Currently, view bounds are causing a deprecation error:

```
class A
def f[T <% A](x: T) = { val a: A = x; ??? }
^
view bounds `<%' are deprecated, use a context bound `:' instead
```

However, this is what we get and it’s misleading:

```
def f[T : A](x: T) = ??? // that is:
def f[T](x: T)(using A[T]) = ???
```

What we want instead is:

```
import scala.language.implicitConversions
def f[T](x: T)(using Conversion[T, A]) = { val a: A = x; ??? }
```

Or, alternatively:

```
def f[T](x: T)(using T => A) = { val a = summon[T => A](x); ??? }
```

, which brings back the boilerplate the view bound was supposed to remove (maybe the reason it was deprecated?) On the other hand, this syntax is going to be more and more used as we want to avoid implicit conversion. Indeed, the recommended way to express this:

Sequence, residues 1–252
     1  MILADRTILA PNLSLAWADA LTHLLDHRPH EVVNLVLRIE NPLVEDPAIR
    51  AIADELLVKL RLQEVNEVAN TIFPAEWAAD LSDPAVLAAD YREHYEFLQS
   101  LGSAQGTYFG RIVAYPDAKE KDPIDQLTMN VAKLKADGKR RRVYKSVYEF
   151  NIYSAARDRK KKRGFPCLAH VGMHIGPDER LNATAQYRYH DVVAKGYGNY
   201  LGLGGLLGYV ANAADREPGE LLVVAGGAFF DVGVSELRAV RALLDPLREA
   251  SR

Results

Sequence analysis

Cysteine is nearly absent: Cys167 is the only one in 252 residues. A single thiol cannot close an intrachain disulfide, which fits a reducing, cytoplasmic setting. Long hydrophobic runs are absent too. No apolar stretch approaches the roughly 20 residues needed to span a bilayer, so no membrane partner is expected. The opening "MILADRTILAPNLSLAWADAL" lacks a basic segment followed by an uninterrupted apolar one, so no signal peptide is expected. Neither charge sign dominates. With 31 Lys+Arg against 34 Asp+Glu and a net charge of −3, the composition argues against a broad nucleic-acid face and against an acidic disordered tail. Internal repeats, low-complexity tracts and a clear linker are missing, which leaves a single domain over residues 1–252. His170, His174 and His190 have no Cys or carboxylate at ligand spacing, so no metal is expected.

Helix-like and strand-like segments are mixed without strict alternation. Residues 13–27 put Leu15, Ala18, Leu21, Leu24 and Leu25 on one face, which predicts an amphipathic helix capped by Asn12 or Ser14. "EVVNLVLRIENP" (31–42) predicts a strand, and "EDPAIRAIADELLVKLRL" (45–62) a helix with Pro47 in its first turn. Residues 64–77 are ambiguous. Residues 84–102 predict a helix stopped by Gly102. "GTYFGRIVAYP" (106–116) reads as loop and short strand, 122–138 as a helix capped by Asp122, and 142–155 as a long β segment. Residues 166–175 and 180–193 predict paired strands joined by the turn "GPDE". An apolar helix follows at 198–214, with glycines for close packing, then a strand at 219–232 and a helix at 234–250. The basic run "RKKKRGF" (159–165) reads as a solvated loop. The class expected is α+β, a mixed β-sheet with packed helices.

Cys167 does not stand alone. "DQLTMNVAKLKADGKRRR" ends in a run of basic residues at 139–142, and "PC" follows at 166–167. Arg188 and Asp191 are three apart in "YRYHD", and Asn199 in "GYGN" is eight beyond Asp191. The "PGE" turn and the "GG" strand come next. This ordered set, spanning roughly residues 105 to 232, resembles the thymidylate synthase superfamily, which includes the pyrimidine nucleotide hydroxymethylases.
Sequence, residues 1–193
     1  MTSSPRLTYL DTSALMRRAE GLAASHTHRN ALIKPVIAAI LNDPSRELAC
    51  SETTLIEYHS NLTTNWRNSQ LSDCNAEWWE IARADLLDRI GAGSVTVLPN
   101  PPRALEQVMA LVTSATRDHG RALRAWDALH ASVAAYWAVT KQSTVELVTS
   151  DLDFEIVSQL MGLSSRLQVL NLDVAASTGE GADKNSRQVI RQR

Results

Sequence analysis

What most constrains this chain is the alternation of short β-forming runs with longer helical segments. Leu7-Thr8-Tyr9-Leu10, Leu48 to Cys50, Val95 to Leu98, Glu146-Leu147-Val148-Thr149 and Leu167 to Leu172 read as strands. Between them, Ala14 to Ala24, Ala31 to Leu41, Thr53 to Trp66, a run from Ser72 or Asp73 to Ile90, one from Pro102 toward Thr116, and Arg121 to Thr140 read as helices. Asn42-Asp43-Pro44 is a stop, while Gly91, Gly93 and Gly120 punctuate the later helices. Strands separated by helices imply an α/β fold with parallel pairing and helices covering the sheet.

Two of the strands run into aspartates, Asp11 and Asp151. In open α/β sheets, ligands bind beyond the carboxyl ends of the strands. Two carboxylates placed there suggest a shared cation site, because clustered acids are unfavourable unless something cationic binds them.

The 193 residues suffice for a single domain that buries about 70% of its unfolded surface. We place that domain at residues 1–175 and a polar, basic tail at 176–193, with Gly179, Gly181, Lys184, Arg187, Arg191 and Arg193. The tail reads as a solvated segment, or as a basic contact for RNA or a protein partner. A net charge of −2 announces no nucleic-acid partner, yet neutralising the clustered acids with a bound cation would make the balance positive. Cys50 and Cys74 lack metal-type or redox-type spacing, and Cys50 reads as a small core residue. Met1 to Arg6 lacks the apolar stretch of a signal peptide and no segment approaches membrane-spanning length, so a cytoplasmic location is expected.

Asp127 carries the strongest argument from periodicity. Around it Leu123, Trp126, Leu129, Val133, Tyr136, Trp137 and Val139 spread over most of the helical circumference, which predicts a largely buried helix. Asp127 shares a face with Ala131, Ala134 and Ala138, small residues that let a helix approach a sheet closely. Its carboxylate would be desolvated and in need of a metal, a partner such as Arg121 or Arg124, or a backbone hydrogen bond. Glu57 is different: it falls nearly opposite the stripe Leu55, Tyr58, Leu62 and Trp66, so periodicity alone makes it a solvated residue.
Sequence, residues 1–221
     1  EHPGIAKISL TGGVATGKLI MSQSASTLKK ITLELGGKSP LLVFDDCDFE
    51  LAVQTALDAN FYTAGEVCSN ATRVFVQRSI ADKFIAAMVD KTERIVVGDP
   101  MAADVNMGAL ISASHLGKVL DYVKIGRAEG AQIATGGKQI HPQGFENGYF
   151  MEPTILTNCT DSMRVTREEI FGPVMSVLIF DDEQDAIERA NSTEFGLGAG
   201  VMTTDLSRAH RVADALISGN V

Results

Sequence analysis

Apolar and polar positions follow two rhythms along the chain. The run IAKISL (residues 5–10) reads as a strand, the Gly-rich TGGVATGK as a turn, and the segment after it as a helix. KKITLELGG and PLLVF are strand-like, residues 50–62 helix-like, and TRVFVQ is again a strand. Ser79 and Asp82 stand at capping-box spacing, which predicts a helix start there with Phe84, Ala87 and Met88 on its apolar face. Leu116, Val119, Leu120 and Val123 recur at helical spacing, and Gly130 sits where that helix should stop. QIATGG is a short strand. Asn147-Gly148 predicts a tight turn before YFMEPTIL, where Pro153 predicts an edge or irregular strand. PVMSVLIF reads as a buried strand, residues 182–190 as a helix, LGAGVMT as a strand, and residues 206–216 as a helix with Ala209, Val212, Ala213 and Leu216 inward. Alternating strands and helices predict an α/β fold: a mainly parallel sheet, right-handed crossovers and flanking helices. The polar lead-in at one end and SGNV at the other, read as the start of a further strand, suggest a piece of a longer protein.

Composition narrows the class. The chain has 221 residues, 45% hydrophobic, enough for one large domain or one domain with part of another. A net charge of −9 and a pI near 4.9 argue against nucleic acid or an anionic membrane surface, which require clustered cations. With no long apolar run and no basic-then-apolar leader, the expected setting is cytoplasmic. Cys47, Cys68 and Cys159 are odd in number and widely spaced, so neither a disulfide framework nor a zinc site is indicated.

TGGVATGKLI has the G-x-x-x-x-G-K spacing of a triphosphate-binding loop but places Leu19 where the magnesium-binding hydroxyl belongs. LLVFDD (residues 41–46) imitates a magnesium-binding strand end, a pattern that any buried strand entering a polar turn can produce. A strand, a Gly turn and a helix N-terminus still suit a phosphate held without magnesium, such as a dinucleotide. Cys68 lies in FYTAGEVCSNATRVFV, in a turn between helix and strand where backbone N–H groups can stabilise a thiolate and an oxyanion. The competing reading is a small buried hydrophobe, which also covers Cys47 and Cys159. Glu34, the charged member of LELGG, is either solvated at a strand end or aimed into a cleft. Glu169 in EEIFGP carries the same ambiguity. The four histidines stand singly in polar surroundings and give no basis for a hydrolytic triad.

```
def f(a: A) = ???
given Conversion[String, A] = ???
import scala.language.implicitConversions
f("hello")
```

, is to apply the conversion explicitly and push it in the library code with a using clause:

```
def f[T](x: T)(using c: T => A) = { val a = c(x); ??? }
```

We may call this pattern *anticipated implicit conversion* or *anticipated conversion* for short. My proposal is to introduce an extension method `as`

to simplify the conversion application:

```
extension [T](x: T)
def as[A](using c: T => A) = c(x)
def f[T](x: T)(using T => A) = { val a = x.as[A]; ??? }
```

Or, in view bound syntax, which gets back all its relevance:

```
def f[T <% A](x: T) = { val a = x.as[A]; ??? }
```